_LET expressed in keV/µ or energy deposited per unit distance of path traveled by the particle, is a function of the physical properties of the radiation, i.e., mass and charge.

_Electromagnetic radiation (X‐ and γ‐ rays), although having no mass of charge, produces fast electron particles with negligible mass and a charge of ‐1.

_Because of these physical properties, the probability of an electron interacting with an atom is relatively small; therefore, the interactions of this primary agent of damage are sparse and the ionization produced are distant from each other.

_For this reason, X‐rays and γ‐rays are termed low LET radiation.

_In contrast to electromagnetic radiations, highly ionizing, particulate radiations (e.g., α‐particles, neutrons), having appreciable mass and/or charge, have a greater probability of interacting with matter.

_These types of radiations lose energy rapidly, producing many ionizations in a very short distance.

_Alpha particles and neutrons are high LET radiations. Some average LET values for different types of radiation are given in Table below.

Rad_Bio; Physics and Chemistry of X‐ray absorption pg. 14 of 20 LET Values – Basic Biologic Interaction of Radiation Type of Radiation LET (keV/µ Co‐60 0.3 3 MeV X‐ray 0.3 250 keV X‐ray 3.0 5 MeV 100 Neutron: 19.0 MeV 7.0 2.5 MeV 20 Electrons: 1.0 MeV 0.25 1.0 keV 12.3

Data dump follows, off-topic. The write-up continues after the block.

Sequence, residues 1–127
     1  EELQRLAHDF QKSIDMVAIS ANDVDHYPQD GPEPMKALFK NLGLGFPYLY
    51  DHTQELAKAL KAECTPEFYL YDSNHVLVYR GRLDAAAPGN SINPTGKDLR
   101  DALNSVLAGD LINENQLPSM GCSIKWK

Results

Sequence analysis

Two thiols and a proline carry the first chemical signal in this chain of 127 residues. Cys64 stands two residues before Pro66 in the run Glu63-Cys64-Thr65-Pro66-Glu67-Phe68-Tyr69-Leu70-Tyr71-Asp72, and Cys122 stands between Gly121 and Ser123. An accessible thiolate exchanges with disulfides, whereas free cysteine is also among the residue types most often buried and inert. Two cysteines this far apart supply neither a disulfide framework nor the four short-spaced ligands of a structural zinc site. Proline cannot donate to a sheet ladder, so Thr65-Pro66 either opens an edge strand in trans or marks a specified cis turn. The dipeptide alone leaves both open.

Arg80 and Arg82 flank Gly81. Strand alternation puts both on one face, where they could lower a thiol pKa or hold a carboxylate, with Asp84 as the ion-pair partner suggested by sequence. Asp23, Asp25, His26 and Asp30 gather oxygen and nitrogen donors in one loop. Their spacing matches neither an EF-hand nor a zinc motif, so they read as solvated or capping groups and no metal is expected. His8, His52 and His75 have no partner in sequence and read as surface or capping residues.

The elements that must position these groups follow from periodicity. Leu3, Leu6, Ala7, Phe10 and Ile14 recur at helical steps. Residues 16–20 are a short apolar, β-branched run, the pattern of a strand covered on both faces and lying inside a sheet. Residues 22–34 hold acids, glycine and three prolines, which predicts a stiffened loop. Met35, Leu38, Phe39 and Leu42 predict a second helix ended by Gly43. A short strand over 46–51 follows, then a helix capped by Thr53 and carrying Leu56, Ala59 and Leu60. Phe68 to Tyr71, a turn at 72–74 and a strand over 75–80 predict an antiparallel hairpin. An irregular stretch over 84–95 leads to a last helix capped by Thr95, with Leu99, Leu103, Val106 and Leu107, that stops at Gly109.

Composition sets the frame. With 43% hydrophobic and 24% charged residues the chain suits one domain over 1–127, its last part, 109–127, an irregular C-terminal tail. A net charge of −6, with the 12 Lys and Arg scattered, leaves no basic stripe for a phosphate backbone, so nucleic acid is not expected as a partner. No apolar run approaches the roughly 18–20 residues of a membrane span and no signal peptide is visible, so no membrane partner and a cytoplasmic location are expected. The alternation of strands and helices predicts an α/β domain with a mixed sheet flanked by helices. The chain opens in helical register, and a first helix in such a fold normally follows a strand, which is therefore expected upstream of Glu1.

_Because of these differences in rate of energy loss, different LET radiations will produce different degrees of the same biologic response, i.e., equal doses of radiations of different LET's do not produce the same biologic response.

_A term relating the ability of radiations with different LET ranges to produce a specific biologic response is relative biologic effectiveness (RBE).

RBE is defined as the comparison of a dose of test radiation to a dose of 250 keV X‐ray which produce the same biologic response. This is expressed in the following formula:

Dose in rads from 250 keV X ray Dose in rads from another radiation delivered under the same conditions

_250 keV x‐ray is the standard for determining RBE because of its widespread use at the time the concept of RBE was adopted. Today, although this energy and even cobalt‐60 is no longer used, still the 250 keV x‐ray remains the standard radiation for determining RBE.

_Notice the biologic response is the constant, not the dose of radiation; what is actually measured is the biologic effectiveness of radiations of different LET's.

_Although the relationship between LET and RBE has been discussed in simple terms, it is much more complex.